The answer to the question is when it is a Treasury Budget. There was a time when the nation would be huddled round the wireless sets listening to the great and learned of the land, say Sir Stafford Cripps, telling it what we were in for.
Afterwards misery would enfold the nation for days and weeks until the blows fell and then the complaining would begin. Cripps was the Chancellor of the Exchequer in the Attlee government from 1947 to 1950 taking over from Hugh Dalton who resigned after unwisely trusting a journalist.
Early in the war he had been Ambassador to the Soviet Union and then sent to India to sort things out, in 1945 he became President of the Board of Trade in the high days of nationalisation. His legal, political and Church family were a leading one and he was related to Beatrice Webb. He was seen as the ultimate travelling expert.
The Tories who in 1945 had been consigned to the dustbin of history clawed their back with promises to change not quite all of this but enough to collect the votes of all those who felt that they had been dunned and asked to pay the costs of war as well as all the Attlee's government's flights of fancy.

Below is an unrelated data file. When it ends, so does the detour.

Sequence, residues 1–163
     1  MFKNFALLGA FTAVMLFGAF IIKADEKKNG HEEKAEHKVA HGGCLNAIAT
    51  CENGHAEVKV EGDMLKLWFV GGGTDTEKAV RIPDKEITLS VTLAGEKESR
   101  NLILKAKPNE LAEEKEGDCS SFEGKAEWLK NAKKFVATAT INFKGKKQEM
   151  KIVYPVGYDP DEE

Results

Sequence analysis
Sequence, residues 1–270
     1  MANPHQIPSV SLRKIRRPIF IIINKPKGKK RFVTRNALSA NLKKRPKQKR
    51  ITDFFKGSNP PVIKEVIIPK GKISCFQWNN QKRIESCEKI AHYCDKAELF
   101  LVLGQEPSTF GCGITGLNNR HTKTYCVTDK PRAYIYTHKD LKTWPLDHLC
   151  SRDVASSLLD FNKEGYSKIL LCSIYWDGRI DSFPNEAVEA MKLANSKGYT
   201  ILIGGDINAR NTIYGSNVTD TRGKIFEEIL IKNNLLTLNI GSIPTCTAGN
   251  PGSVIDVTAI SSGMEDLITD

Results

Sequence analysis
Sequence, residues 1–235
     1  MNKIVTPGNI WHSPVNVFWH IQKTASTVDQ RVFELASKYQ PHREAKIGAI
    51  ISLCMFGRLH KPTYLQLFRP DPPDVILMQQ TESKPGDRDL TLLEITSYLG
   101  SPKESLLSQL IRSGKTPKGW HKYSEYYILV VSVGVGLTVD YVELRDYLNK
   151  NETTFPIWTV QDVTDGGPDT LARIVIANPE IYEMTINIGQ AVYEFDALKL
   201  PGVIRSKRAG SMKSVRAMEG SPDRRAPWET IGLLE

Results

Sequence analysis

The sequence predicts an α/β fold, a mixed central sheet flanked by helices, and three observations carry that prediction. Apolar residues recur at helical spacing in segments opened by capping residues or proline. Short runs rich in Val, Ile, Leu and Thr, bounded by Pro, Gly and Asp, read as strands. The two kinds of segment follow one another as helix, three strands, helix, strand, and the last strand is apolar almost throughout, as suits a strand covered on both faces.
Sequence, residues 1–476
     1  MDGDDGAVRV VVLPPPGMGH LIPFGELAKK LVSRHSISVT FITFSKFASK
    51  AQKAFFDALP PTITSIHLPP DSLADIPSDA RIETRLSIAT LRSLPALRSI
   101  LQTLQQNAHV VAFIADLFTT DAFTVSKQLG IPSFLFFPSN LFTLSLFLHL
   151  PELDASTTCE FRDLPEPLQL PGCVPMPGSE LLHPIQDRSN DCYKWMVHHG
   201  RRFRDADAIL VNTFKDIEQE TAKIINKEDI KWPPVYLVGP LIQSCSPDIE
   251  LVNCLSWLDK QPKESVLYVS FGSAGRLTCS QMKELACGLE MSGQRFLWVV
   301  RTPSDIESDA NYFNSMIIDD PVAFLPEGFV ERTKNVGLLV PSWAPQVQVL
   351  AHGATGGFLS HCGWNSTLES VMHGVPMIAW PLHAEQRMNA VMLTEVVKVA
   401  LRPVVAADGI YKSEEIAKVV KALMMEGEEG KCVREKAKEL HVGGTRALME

Essentially, the Cripps mode of operation has set the pattern since then but the world has moved on. Whether the why's and wherefore's of The Treasury have is another matter. They have some very expensive computers and systems but they seem to take us no further than in the days of Cripps.
Bluntly this antique business of an annual Budget decreed on high and politically for all time that is until the next crisis or calamity, say in six weeks, is just a left over political con job to pretend that the politicians are in charge. The Budget caper now is a bit of knock about politics to keep the media moving.
What should a government do to convey its finance and taxation policies to the public at large and to the world in a real sensible way? The kit that the Treasury has been given ought to be able to keep a running tab on the bulk of things. Beyond that are regular and occasional summaries.
How many per year is arguable and in what form the information sets should presented for policy decisions and changes is another question. The basic political problems are when it becomes clear that previous policies are not working and issues where hard decisions and losers are needed, usually evaded unless they are either easy touches or generally disliked.
Additionally, there are too many key influences on The Treasury via linked financial corporations, lobbyists, party fund contributors and overseas magnates and political leaders all of whom want the less said the better and the less tax burden even better.
How this lot can be reformed is a herculean task or more like something that happens after a major crash or crisis.
Bring back Lord Grenville.